Shu-Ha-Ri of Skill Mastery

Shu: Obey the rule – shu means “to keep, protect or maintain.”

Ha: Consciously moving away from the rules.- ha means “to break free”

Ri: Unconsciously finding an individual path – ri means “to go beyond or transcend”

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What es Shu-Ha-Ri?

Shuhari is a Japanese concept which details the cycle of the progress of a student in a martial art under ideal circumstances. This idea was originally presented in Tea Mastery, extended to Noh Dance (almost four centuries ago), later spread out in martial arts like aikido (in the early 1900s) and Kempo and nowadays reached out scientific or professional areas… even software engineering specifically agile development.

What is the meaning of Shu-Ha-Ri?

In Japanese, there are three types of writing: katakana, which is an “alphabet” for writing foreign words taken to Japanese; hiragana, which is typically Japanese, the most common and commonly used for any Japanese word. Kanji are ideograms from Chinese, in simple terms is a symbol representing an idea or object.

Shu-Ha-Ri, it is a word made with kanji, and for that reason it can be broken down into its component parts.

Shu: In this beginning stage the student follows the teachings of one master precisely. He concentrates on how to do the task, without worrying too much about the underlying theory. If there are multiple variations on how to do the task, he concentrates on just the one way his master teaches him. No excuses, no exceptions.

Ha: At this point, the student begins to branch out. With the basic practices working he now starts to learn the underlying principles and theory behind the technique. He also starts learning from other masters and integrates that learning into his practice. You don’t sweat every little ceremony. 

Ri: The student stops learning from others but from his own practice. He creates his own approaches and adapts what he’s learned to his own particular circumstances. You don’t think about the rules anymore; instead, you just build awesome things.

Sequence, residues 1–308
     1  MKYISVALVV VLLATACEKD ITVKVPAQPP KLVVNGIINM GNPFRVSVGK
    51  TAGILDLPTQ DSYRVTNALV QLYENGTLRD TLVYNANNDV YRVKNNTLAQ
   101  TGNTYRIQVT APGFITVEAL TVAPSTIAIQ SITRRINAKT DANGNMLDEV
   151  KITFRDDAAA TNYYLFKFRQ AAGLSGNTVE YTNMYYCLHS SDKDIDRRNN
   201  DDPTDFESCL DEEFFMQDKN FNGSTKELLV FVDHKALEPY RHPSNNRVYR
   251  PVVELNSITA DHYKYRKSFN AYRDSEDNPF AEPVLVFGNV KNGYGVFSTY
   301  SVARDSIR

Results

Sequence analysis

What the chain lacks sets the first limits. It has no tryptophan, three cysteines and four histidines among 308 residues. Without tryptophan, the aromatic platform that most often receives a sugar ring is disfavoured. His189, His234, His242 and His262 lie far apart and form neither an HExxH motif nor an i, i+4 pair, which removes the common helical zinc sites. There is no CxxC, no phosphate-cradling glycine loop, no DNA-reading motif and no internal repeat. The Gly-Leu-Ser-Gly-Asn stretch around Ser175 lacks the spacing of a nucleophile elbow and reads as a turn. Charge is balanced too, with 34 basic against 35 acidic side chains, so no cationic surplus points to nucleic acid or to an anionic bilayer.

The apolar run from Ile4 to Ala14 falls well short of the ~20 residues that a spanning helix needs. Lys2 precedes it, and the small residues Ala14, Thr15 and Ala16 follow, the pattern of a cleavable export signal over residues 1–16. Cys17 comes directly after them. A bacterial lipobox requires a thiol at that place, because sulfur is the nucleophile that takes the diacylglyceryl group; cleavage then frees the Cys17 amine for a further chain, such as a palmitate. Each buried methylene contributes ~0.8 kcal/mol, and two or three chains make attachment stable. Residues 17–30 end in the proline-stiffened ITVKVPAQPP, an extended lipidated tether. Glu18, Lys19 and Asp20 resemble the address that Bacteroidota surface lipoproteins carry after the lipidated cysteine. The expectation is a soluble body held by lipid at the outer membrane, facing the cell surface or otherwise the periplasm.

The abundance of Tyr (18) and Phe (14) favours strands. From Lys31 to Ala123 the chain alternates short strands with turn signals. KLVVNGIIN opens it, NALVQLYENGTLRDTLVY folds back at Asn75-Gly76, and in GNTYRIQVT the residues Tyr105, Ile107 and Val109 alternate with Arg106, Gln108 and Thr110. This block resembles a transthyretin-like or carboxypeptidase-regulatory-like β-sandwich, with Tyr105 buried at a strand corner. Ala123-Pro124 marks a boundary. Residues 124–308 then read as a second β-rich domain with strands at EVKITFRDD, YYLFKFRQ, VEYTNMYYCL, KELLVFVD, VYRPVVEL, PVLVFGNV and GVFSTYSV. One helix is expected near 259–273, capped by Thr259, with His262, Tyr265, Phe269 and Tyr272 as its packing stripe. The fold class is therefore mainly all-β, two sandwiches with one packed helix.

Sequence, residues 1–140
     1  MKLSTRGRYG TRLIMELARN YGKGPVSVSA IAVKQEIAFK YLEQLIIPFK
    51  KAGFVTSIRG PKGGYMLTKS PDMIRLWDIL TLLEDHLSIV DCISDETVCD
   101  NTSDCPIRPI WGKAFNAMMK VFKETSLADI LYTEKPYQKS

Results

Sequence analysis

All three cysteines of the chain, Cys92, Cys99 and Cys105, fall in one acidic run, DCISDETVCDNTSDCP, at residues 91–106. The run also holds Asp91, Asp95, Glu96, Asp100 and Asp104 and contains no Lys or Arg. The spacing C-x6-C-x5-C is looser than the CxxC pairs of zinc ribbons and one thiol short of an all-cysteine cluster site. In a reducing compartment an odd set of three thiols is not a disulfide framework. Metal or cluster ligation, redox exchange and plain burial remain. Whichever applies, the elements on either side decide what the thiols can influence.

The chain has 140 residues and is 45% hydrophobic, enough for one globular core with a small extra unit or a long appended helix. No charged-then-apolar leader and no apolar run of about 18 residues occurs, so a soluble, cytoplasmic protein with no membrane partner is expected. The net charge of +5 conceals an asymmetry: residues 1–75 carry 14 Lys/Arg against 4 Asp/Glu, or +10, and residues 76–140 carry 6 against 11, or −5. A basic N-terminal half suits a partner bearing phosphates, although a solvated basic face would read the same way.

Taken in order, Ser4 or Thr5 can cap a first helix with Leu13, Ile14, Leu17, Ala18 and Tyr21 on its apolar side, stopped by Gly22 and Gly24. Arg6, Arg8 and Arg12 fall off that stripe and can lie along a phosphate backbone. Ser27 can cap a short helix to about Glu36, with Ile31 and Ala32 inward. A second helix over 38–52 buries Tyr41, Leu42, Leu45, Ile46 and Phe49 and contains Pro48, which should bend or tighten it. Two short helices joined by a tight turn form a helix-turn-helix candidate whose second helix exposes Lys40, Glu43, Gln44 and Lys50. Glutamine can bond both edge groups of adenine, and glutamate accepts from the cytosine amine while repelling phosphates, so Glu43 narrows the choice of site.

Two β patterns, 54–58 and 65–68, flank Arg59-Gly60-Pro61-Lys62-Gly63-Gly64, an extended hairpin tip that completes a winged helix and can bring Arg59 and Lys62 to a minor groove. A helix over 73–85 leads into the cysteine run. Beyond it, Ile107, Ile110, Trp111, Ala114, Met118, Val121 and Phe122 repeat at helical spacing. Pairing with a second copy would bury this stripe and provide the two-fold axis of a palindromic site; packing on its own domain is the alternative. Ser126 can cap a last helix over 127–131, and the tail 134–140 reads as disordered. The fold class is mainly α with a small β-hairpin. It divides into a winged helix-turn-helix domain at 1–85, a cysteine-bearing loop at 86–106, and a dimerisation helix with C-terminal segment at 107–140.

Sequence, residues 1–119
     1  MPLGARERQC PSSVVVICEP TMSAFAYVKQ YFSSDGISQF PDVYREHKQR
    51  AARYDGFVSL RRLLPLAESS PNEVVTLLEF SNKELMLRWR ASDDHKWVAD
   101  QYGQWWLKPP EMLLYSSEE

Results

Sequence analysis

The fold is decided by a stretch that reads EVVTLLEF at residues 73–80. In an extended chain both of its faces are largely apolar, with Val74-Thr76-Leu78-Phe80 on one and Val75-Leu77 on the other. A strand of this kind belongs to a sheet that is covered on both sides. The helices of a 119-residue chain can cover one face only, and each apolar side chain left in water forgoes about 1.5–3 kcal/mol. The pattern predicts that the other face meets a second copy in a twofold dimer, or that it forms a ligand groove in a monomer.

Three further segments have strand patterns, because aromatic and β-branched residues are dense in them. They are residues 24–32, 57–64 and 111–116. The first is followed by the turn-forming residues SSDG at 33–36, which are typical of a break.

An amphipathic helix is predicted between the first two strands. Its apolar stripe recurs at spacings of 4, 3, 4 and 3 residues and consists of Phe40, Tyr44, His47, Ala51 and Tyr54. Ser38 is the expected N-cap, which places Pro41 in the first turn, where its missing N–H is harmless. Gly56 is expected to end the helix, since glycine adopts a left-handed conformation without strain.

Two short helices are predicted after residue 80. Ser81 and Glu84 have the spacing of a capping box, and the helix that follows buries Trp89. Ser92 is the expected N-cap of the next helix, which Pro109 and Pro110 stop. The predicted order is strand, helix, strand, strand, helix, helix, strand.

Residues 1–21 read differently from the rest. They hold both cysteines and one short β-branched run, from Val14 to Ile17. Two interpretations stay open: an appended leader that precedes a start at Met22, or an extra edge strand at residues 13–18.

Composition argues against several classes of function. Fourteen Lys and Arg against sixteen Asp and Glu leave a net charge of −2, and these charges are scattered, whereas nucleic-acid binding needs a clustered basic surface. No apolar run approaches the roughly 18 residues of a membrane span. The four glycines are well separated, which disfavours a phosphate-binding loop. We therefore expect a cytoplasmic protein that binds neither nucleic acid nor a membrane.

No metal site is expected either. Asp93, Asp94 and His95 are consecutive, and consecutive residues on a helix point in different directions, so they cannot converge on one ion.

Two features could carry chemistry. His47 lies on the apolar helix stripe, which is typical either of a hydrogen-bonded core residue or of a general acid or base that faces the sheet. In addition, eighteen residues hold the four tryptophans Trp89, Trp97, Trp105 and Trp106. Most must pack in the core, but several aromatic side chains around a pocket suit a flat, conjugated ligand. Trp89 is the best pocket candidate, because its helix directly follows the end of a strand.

What is the idea behind this concept?

The fundamental idea here is that when someone learn an art, first need to completely understand the reason why behind each concept and idea, follow each ceremony and step required and later when he/she dominate the art and the way to do the things are completely ingrained, just in that moment, the student could stop to imitate others and avoid the strict adherence to the path laid, starting to develop his/her personal way to do the things.

Early stages of learning focus on concrete steps to imitate, (as long as the student advances in the domain of discipline) the focus shifts to understanding principles to self-directed innovation.

How it is applied to software development?

This concept was introduced by Alistair Cockburn first via his blog (http://alistair.cockburn.us/Shu+Ha+Ri) and later in his book  after that, it spread out in agile development.

In general terms, the idea is to deeply understand the methodology first and later tailoring the process. A practical implementation of Shuhari in agile development happen when a team is new and want to implement an agile process. The best moment to tailor something is after several uses of the basic and complete methodology just out of the box, without any change, and later when the team has a real comprehension about the reason why behind each process and ceremony, just in that moment the team could create their own variations.

References:

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